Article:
Pub Type(s)

Journal Article
Research Support, Non-U.S. Gov't

Language

eng

PubMed ID

25459212

Citation

Shen, Te-Chun, et al. "People With Tuberculosis Are Associated With a Subsequent Risk of Depression." European Journal of Internal Medicine, vol. 25, no. 10, 2014, pp. 936-40.
Shen TC, Wang CY, Lin CL, et al. People with tuberculosis are associated with a subsequent risk of depression. Eur J Intern Med. 2014;25(10):936-40.
Shen, T. C., Wang, C. Y., Lin, C. L., Liao, W. C., Chen, C. H., Tu, C. Y., Hsia, T. C., Shih, C. M., Hsu, W. H., & Chung, C. J. (2014). People with tuberculosis are associated with a subsequent risk of depression. European Journal of Internal Medicine, 25(10), 936-40. https://doi.org/10.1016/j.ejim.2014.10.006
Shen TC, et al. People With Tuberculosis Are Associated With a Subsequent Risk of Depression. Eur J Intern Med. 2014;25(10):936-40. PubMed PMID: 25459212.
* Article titles in AMA citation format should be in sentence-case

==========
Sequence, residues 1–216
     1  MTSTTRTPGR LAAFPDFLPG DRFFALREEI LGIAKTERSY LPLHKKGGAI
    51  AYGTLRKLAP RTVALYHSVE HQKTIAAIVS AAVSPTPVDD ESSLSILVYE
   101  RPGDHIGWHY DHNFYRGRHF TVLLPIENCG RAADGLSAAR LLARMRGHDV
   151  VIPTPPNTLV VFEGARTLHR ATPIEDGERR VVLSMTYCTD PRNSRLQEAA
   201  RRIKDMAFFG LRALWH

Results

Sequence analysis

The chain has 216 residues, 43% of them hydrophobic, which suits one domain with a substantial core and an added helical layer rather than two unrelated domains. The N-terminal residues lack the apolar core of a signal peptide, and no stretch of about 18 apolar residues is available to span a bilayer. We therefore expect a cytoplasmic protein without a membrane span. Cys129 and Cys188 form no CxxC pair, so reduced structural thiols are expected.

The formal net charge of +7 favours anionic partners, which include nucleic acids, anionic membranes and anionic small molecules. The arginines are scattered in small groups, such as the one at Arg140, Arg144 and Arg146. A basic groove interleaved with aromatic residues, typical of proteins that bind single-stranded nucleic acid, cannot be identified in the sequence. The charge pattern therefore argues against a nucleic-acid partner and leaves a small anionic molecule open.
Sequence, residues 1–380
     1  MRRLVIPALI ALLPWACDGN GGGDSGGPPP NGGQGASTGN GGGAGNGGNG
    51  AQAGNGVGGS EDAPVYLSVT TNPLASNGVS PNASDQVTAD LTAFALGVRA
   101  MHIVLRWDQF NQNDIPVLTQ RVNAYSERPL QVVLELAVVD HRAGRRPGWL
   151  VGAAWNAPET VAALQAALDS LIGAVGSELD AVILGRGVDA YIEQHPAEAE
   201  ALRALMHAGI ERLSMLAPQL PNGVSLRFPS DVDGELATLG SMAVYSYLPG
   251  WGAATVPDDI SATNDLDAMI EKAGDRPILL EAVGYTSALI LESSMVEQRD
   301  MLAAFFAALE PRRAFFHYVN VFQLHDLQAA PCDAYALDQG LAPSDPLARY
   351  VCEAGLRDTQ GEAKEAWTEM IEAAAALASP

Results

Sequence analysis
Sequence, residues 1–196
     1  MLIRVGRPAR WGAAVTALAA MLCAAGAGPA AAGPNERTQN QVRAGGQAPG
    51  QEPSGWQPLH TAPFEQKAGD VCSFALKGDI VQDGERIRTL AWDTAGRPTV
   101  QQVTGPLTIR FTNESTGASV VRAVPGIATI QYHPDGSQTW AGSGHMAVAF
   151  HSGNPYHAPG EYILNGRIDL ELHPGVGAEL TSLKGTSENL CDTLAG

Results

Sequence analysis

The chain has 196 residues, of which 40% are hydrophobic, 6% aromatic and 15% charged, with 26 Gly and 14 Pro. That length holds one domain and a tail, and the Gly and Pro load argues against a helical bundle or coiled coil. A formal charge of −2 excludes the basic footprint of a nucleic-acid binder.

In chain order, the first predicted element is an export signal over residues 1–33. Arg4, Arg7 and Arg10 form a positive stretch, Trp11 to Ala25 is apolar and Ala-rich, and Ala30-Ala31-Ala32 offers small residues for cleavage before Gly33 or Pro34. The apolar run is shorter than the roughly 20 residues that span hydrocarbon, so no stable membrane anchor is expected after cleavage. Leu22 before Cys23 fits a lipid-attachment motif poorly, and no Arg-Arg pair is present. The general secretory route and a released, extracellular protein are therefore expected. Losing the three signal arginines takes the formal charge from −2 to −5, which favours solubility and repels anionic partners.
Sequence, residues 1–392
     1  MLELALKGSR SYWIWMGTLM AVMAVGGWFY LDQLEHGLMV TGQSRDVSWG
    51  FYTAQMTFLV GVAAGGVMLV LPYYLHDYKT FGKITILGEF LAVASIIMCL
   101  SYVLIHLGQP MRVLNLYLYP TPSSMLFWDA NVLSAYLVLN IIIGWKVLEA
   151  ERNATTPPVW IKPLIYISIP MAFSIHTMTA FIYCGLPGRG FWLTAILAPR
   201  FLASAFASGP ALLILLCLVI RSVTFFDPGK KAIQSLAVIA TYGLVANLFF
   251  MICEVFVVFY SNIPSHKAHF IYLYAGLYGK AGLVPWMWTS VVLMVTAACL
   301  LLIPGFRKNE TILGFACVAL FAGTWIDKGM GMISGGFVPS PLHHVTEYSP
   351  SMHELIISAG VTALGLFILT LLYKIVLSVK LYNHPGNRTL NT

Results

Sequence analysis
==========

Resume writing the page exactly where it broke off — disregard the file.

TY - JOUR T1 - People with tuberculosis are associated with a subsequent risk of depression. AU - Shen,Te-Chun, AU - Wang,Chien-Yu, AU - Lin,Cheng-Li, AU - Liao,Wei-Chih, AU - Chen,Chia-Hung, AU - Tu,Chih-Yen, AU - Hsia,Te-Chun, AU - Shih,Chuen-Ming, AU - Hsu,Wu-Huei, AU - Chung,Chi-Jung, Y1 - 2014/10/30/ PY - 2014/04/19/received PY - 2014/10/02/revised PY - 2014/10/04/accepted PY - 2014/12/3/entrez PY - 2014/12/3/pubmed PY - 2015/8/19/medline KW - Depression KW - Epidemiology KW - Mycobacterium tuberculosis KW - Tuberculosis (TB) SP - 936 EP - 40 JF - European journal of internal medicine JO - Eur J Intern Med VL - 25 IS - 10 N2 - BACKGROUND: There is some evidence that the prevalence of depression in patients with tuberculosis (TB) is higher than those in the general population. However, the incidence of depression after Mycobacterium tuberculosis infection remains unknown. Our aim was to assess the association between TB and the subsequent risk of depression. METHODS: We conducted a retrospective cohort study using data from the National Health Insurance (NHI) system of Taiwan. The TB cohort included 9020 patients who were newly diagnosed and recruited between 2000 and 2010. Each patient was randomly frequency-matched for age, sex and the year of index date with four people without TB from the general population. The newly diagnosed depression was followed up until the end of 2011. The relative risks of depression were estimated using Cox proportional hazard models after adjusting for age, sex, index year and comorbidities. RESULTS: The overall incidence rate of depression was 1.54-fold higher in the TB cohort as compared with the controlled cohort (8.15 vs. 5.29 per 1000 person-years, 95% confidence interval [CI]=1.45-1.64). Stratified analyses by gender, age group, monthly income and comorbidities revealed that the adjusted hazard ratio (HR) of depression was higher in males as well as individuals older than 65 years with a low monthly income and comorbidities. CONCLUSION: People who have been diagnosed with TB have a significantly higher risk of developing depression compared with those in the general population. We should pay more attention to this group of individuals and ensure that they are offered appropriate support. SN - 1879-0828 UR - https://www.unboundmedicine.com/medline/citation/25459212/People_with_tuberculosis_are_associated_with_a_subsequent_risk_of_depression_ L2 - https://linkinghub.elsevier.com/retrieve/pii/S0953-6205(14)00288-X DB - PRIME DP - Unbound Medicine ER -